For more information about Tripwire, refer to:

http://www.sun.com/software/security/tripwire

The Solaris Fingerprint Database Companion, sfpC, automates the process of collecting and checking MD5 signatures against the Solaris Fingerprint Database, sfpDB.

The Solaris Fingerprint Database Sidekick, sfpS, simplifies the process of checking for the presence of rootkits on the compromised system, which is a sign that an intruder has broken into the system.

NOTE

Rootkits are sets of modified system binaries that provide hackers with hidden backdoors that enable future access to compromised systems.

The Solaris Fingerprint Database Sidekick accomplishes the detection of rootkits by maintaining a list of common trojan-horse software that is intentionally modified with a malicious intent (for instance, Solaris OE executables such as /usr/bin/login or /usr/bin/passwd).

For more information about these tools, refer to:

http://www.sun.com/blueprints/tools/fingerprint_license.html

Determining the Scope

After the incident is qualified as real, the scope of the incident should be quickly determined. The customer account manager should assemble the appropriate field engineer (for example, the organization's field engineer at the site in question or a technical support engineer from the customer service center that is servicing the site) and engineering resources (for example, the organization's security engineer or forensic expert) and work with the security officer to answer the questions in the following two sections. If the security officer for the geographic area in question is not available, then the worldwide security manager should assign another officer.

General Scope Questions

The following list contains general questions that should be asked to determine the scope of the incident:

  • Is there just one, or more than one, incident involved simultaneously?

  • Is this a single site or a multisite incident?

  • Is this a single geo or multi-geo incident (considering that businesses are generally divided into several geographic sub-entities)?

  • Is sensitive information involved?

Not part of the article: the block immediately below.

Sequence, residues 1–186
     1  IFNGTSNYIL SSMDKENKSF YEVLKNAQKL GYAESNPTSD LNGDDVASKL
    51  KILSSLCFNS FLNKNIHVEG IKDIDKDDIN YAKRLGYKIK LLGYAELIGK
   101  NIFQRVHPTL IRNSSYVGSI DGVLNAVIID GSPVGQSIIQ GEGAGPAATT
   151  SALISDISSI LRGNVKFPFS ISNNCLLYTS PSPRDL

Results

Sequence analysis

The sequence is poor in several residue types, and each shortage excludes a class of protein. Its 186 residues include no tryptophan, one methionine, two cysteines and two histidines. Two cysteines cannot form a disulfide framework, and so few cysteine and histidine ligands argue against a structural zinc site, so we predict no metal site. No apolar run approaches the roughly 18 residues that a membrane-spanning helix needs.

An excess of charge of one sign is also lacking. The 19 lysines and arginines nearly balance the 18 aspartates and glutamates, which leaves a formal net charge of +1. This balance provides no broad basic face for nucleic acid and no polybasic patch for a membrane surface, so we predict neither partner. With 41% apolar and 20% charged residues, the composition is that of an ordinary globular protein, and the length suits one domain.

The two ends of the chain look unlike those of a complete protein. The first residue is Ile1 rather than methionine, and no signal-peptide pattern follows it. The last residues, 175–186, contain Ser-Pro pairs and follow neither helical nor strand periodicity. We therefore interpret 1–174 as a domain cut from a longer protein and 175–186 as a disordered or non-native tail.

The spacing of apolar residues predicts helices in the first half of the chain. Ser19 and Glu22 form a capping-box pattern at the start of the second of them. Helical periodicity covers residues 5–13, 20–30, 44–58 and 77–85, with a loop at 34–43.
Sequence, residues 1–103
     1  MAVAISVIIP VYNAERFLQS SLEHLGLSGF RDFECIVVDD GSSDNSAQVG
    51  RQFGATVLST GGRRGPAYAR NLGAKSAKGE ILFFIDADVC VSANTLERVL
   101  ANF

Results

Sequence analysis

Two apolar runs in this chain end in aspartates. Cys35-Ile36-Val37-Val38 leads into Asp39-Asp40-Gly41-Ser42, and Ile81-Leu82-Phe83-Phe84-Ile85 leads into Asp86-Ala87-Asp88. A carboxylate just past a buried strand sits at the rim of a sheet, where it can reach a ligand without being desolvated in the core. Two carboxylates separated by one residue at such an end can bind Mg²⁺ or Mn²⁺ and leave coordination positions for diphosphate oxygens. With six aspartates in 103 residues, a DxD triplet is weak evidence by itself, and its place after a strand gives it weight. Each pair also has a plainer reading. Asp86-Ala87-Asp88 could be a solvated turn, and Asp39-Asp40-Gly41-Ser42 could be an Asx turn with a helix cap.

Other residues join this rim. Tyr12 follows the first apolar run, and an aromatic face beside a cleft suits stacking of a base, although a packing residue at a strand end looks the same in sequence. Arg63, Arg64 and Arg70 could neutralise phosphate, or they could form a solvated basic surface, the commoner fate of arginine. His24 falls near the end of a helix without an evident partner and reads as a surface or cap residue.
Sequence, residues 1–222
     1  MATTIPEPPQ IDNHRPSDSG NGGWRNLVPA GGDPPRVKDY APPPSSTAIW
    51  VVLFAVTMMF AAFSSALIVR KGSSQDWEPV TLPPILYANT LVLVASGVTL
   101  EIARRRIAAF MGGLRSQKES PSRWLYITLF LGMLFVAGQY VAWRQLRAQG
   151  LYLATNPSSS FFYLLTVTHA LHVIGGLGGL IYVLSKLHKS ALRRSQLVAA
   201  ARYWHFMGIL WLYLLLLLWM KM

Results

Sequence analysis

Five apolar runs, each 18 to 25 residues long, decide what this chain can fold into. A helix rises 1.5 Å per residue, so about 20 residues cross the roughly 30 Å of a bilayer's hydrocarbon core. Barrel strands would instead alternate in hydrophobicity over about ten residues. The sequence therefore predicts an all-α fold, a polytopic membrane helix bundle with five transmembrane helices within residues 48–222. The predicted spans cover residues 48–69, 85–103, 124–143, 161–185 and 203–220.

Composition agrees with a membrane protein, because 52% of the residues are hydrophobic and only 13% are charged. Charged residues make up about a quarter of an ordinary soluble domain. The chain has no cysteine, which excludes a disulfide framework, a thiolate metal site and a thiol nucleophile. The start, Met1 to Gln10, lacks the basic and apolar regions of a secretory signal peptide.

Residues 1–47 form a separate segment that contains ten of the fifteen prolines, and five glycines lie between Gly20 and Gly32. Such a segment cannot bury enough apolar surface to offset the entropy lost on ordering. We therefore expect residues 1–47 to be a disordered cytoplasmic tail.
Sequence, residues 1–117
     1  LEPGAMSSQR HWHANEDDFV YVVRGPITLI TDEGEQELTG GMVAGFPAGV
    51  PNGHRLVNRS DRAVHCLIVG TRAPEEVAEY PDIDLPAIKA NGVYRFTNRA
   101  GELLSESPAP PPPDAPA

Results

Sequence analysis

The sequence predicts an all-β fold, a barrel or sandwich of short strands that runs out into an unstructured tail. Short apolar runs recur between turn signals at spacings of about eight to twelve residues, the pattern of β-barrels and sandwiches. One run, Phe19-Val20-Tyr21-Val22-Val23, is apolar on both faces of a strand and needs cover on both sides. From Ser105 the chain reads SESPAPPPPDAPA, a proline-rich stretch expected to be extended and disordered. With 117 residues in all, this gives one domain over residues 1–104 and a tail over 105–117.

• What is the entry point of the incident (for example, the network, the phone line, or other)?

  • What is the potential damage of the incident?

  • What is the estimated time to close out the incident?

  • What resources are required to handle the incident?

  • Will the press be involved?

  • Should law enforcement be involved?

Answering these questions facilitates the deployment of a proper plan and the resources to mitigate the damage and to restore business operations. After the plan is ready, it should be communicated immediately to the organization's worldwide security manager by the organization's geo-based security officer from the geographic area where the incident took place.

Detailed Scope Questions

More detailed questions should be discussed as experts are engaged by the security officer for the affected constituent. These questions include:

  • What is at risk?

  • Are applications, middleware, or databases at risk? The higher the number of components affected, the wider the scope of the incident and investigation is.

  • Was one or more systems affected by the incident?

  • The more systems affected, the wider the scope is. Different intervention methods are generally required as the scope widens.

  • Was one or more networks affected?

  • As with the case of systems, the more networks involved, the broader the scope is, and the greater the need is for immediate and urgent action.

  • How far into the internal network did the intruder(s) get?

  • What network segments were affected?

  • If a host outside of the security perimeter was affected (for example, on the DMZ), the intensity of the loss could be less than the loss for an internal network host inside of the security perimeter. (The DMZ, or "de-militarized zone," is the network added between a protected network, such as an internal network for the constituent's enterprise, and the external network, which is usually the Internet. The DMZ provides an additional layer of security and typically houses externally reachable services that cross a firewall, such as services provided by domain name servers and Web servers.)

  • Who knows about the incident?

  • To what extent does the knowledge of the incident make it worse?

  • PR and legal departments for the constituent, as well as for the servicing organization, should be concerned about the answers to these last two questions.